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Geoscientific Model Development An interactive open-access journal of the European Geosciences Union
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Volume 9, issue 9
Geosci. Model Dev., 9, 3297-3307, 2016
https://doi.org/10.5194/gmd-9-3297-2016
© Author(s) 2016. This work is distributed under
the Creative Commons Attribution 3.0 License.
Geosci. Model Dev., 9, 3297-3307, 2016
https://doi.org/10.5194/gmd-9-3297-2016
© Author(s) 2016. This work is distributed under
the Creative Commons Attribution 3.0 License.

Development and technical paper 19 Sep 2016

Development and technical paper | 19 Sep 2016

The Marine Virtual Laboratory (version 2.1): enabling efficient ocean model configuration

Peter R. Oke1, Roger Proctor2, Uwe Rosebrock1, Richard Brinkman3, Madeleine L. Cahill1, Ian Coghlan4, Prasanth Divakaran5, Justin Freeman5, Charitha Pattiaratchi6, Moninya Roughan7, Paul A. Sandery5, Amandine Schaeffer7, and Sarath Wijeratne6 Peter R. Oke et al.
  • 1CSIRO Oceans and Atmosphere, Hobart, Australia
  • 2University of Tasmania, Hobart, Tasmania, Australia
  • 3Australian Institute of Marine Science, Townsville, Australia
  • 4Water Research Laboratory, School of Civil and Environmental Engineering, UNSW Australia, Sydney, Australia
  • 5Bureau of Meteorology, Melbourne, Australia
  • 6University of Western Australia, Perth, Australia
  • 7School of Mathematics, UNSW, Sydney, Australia

Abstract. The technical steps involved in configuring a regional ocean model are analogous for all community models. All require the generation of a model grid, preparation and interpolation of topography, initial conditions, and forcing fields. Each task in configuring a regional ocean model is straightforward – but the process of downloading and reformatting data can be time-consuming. For an experienced modeller, the configuration of a new model domain can take as little as a few hours – but for an inexperienced modeller, it can take much longer. In pursuit of technical efficiency, the Australian ocean modelling community has developed the Web-based MARine Virtual Laboratory (WebMARVL). WebMARVL allows a user to quickly and easily configure an ocean general circulation or wave model through a simple interface, reducing the time to configure a regional model to a few minutes. Through WebMARVL, a user is prompted to define the basic options needed for a model configuration, including the model, run duration, spatial extent, and input data. Once all aspects of the configuration are selected, a series of data extraction, reprocessing, and repackaging services are run, and a “take-away bundle” is prepared for download. Building on the capabilities developed under Australia's Integrated Marine Observing System, WebMARVL also extracts all of the available observations for the chosen time–space domain. The user is able to download the take-away bundle and use it to run the model of his or her choice. Models supported by WebMARVL include three community ocean general circulation models and two community wave models. The model configuration from the take-away bundle is intended to be a starting point for scientific research. The user may subsequently refine the details of the model set-up to improve the model performance for the given application. In this study, WebMARVL is described along with a series of results from test cases comparing WebMARVL-configured models to observations and manually configured models. It is shown that the automatically configured model configurations produce a good starting point for scientific research.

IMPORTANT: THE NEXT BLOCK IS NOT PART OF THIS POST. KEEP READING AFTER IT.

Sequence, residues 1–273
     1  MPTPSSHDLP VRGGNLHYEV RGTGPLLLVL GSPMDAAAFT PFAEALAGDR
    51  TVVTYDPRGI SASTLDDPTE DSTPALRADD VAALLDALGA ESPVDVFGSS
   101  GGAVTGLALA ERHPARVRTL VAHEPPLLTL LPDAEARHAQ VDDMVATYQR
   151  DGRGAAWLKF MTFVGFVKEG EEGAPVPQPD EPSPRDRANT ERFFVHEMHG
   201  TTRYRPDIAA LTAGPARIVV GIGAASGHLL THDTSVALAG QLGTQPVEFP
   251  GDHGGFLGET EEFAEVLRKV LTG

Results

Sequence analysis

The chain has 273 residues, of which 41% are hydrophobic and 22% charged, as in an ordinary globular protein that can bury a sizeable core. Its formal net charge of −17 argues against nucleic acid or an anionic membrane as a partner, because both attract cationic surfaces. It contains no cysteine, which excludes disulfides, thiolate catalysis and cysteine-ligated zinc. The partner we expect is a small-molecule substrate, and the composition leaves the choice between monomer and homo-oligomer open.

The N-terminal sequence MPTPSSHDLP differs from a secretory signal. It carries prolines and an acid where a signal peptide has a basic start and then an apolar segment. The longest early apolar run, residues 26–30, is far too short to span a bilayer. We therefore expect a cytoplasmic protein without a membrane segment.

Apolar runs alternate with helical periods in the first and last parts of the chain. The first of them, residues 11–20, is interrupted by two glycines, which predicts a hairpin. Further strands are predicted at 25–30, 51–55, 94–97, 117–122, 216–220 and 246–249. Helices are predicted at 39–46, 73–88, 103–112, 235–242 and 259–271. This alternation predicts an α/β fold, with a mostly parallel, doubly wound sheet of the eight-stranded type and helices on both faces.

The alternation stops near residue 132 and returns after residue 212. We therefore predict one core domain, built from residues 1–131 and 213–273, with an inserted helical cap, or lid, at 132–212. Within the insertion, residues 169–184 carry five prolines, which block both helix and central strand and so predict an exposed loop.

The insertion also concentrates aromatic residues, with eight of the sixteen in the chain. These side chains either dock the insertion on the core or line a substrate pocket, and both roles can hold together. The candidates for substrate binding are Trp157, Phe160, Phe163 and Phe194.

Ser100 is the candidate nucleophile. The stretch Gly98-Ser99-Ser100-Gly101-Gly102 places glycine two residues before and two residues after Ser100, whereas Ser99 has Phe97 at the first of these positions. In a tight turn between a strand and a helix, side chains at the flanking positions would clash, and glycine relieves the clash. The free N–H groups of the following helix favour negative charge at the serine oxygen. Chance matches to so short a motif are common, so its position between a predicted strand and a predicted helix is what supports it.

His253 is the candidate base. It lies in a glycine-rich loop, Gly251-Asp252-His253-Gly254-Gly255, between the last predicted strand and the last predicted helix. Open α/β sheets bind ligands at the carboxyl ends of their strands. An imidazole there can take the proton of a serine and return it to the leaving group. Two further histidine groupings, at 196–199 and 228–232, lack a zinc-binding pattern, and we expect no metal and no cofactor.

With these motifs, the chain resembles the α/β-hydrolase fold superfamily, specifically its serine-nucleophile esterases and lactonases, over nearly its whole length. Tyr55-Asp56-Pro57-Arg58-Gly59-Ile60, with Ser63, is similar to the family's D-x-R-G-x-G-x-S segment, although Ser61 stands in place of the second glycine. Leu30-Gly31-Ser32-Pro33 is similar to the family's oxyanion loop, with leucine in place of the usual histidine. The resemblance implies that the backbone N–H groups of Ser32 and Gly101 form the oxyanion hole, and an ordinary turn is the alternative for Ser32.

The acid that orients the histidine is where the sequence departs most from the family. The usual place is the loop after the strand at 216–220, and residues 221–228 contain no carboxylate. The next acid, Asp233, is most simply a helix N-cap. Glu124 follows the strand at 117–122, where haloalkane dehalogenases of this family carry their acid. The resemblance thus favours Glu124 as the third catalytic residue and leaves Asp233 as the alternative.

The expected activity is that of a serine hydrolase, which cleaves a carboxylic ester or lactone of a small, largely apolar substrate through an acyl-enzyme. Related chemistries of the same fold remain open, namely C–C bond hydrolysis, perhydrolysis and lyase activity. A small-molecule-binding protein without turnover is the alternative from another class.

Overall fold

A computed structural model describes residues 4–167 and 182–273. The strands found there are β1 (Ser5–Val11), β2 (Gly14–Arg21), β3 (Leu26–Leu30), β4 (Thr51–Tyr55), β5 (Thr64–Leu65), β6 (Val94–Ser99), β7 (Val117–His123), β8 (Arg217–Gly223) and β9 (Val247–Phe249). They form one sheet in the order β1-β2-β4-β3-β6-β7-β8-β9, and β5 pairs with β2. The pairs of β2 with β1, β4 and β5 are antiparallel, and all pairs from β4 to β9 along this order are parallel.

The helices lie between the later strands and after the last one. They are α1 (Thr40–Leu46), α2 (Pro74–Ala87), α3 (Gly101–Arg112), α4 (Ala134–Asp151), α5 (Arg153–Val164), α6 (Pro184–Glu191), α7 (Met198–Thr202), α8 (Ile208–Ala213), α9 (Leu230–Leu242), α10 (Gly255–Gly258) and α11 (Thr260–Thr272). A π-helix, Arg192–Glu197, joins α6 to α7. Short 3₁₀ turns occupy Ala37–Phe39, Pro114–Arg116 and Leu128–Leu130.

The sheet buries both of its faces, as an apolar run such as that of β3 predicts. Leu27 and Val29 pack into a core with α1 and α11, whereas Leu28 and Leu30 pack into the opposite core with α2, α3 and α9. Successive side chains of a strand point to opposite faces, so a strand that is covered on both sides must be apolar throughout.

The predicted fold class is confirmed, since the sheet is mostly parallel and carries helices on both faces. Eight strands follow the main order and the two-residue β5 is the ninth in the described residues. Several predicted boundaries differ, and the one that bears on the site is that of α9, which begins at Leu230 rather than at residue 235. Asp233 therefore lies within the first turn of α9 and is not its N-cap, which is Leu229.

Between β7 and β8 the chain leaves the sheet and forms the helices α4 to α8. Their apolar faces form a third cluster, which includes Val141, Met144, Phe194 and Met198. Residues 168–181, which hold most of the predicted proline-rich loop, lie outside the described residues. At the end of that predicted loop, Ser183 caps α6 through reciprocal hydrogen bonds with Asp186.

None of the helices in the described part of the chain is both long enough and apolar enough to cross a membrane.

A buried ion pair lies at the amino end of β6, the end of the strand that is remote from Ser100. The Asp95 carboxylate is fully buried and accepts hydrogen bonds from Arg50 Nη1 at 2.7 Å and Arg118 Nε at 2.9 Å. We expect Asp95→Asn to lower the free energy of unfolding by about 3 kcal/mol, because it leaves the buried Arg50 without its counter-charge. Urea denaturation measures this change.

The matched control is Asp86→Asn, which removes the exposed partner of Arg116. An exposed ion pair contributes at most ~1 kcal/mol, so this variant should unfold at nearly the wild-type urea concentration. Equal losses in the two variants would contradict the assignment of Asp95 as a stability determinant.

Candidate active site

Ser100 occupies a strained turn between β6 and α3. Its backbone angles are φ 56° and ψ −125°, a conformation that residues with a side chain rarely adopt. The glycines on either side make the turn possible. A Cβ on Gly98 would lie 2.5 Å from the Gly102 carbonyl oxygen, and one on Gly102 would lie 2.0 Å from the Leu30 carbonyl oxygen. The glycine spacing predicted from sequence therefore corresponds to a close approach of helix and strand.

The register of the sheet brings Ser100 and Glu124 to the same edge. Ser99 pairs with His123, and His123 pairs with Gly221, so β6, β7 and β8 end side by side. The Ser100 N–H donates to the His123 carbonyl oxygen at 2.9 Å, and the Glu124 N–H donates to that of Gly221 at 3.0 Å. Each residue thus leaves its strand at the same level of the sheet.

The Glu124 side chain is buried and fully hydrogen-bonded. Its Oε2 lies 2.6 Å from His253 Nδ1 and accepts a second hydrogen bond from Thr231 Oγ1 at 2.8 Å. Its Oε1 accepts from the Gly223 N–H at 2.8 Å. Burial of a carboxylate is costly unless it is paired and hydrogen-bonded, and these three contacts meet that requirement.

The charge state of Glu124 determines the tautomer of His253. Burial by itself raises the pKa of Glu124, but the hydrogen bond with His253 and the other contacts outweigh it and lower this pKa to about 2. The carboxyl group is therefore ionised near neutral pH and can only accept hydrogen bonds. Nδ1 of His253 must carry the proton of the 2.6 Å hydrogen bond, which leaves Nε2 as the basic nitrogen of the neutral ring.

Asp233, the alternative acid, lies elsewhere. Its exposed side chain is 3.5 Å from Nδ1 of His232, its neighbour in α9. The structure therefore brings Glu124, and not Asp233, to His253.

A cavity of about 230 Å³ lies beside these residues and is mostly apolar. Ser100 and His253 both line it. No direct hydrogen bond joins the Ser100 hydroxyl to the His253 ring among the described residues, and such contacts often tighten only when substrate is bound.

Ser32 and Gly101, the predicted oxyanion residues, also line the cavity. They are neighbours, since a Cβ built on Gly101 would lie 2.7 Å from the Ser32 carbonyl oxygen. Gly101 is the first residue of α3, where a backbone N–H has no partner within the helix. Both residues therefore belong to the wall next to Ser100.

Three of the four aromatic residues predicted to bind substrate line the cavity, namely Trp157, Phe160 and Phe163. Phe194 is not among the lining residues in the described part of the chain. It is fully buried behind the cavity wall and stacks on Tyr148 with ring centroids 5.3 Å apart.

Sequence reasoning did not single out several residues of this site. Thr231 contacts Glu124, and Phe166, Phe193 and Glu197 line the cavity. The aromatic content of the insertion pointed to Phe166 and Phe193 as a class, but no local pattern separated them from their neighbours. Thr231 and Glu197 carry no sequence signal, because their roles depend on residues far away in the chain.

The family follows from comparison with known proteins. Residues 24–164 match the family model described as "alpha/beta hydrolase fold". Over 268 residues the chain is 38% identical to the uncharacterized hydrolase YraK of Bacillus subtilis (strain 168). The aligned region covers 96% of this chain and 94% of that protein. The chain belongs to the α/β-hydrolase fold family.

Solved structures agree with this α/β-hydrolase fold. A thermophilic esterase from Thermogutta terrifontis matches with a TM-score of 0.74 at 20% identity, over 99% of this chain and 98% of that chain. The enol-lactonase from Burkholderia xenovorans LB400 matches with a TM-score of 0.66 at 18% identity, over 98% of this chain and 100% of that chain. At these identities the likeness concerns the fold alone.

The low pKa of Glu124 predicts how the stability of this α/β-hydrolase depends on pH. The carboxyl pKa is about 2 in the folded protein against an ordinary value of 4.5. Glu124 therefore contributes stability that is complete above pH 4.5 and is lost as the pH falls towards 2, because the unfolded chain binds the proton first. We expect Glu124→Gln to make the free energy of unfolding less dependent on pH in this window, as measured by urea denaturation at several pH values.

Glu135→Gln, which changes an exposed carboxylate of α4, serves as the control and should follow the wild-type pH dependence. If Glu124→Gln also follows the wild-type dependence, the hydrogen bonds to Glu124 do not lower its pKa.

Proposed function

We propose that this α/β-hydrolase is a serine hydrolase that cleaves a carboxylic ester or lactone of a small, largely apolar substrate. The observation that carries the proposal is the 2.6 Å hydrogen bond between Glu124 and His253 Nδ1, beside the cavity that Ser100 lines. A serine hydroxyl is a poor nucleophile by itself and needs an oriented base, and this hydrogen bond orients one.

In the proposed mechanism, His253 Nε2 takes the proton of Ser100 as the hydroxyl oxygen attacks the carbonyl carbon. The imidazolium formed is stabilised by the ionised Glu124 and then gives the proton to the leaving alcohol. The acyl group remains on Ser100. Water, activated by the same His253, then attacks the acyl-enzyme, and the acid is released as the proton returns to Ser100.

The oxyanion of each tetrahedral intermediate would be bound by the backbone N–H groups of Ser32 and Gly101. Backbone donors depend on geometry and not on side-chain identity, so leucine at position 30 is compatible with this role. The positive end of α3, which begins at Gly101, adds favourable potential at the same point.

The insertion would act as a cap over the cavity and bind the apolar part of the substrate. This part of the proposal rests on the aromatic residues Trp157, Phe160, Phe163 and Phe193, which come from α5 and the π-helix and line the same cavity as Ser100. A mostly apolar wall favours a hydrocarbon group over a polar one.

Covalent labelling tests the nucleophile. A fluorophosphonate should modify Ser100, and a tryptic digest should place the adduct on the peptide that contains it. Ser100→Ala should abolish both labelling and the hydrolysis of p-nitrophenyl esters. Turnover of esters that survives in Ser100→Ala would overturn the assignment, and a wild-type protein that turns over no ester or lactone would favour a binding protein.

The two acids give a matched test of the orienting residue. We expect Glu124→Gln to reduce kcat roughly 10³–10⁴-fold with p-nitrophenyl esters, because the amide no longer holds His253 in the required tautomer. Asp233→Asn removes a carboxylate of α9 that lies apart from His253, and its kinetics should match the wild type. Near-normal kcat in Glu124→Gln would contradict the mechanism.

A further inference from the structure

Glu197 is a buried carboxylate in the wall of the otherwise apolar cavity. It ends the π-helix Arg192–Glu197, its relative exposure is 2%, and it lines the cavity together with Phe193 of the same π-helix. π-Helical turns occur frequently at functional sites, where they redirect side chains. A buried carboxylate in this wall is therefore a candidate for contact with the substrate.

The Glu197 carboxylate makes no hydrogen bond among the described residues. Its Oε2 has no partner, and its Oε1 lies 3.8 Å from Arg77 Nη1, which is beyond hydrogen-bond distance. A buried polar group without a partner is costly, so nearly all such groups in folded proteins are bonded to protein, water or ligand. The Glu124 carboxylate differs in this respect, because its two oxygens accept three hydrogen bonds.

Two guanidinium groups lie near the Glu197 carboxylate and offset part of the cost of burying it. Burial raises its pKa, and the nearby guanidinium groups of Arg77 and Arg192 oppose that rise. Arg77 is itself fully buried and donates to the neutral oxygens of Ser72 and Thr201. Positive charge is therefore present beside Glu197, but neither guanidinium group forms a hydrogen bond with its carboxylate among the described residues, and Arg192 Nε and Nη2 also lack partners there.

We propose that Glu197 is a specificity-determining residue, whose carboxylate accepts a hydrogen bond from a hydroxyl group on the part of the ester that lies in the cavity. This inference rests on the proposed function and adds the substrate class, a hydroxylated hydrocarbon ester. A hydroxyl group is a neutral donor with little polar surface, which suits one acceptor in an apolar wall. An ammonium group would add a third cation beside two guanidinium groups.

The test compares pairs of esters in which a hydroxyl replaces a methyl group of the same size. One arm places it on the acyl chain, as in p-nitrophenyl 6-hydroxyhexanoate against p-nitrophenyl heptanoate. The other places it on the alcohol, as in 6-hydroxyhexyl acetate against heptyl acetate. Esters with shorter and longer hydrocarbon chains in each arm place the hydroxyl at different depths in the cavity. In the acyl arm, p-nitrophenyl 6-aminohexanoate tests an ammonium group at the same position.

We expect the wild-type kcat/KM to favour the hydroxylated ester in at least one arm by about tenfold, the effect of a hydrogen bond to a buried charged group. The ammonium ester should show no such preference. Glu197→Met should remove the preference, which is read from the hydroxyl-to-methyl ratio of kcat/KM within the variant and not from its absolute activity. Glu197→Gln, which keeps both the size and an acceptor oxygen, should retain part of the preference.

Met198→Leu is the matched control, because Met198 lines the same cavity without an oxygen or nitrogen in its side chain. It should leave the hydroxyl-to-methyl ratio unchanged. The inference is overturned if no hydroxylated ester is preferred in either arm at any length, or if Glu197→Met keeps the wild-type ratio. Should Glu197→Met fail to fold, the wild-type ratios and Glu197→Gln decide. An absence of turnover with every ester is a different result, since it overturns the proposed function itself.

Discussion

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The Marine Virtual Laboratory (MARVL) is designed to help ocean modellers hit the ground running. Usually, setting up an ocean model involves a handful of technical steps that time and effort. MARVL provides a user-friendly interface that allows users to choose what options they want for their model, including the region, time period, and input data sets. The user then hits "go", and MARVL does the rest – delivering a "take-away bundle" that contains all the files needed to run the model.
The Marine Virtual Laboratory (MARVL) is designed to help ocean modellers hit the ground...
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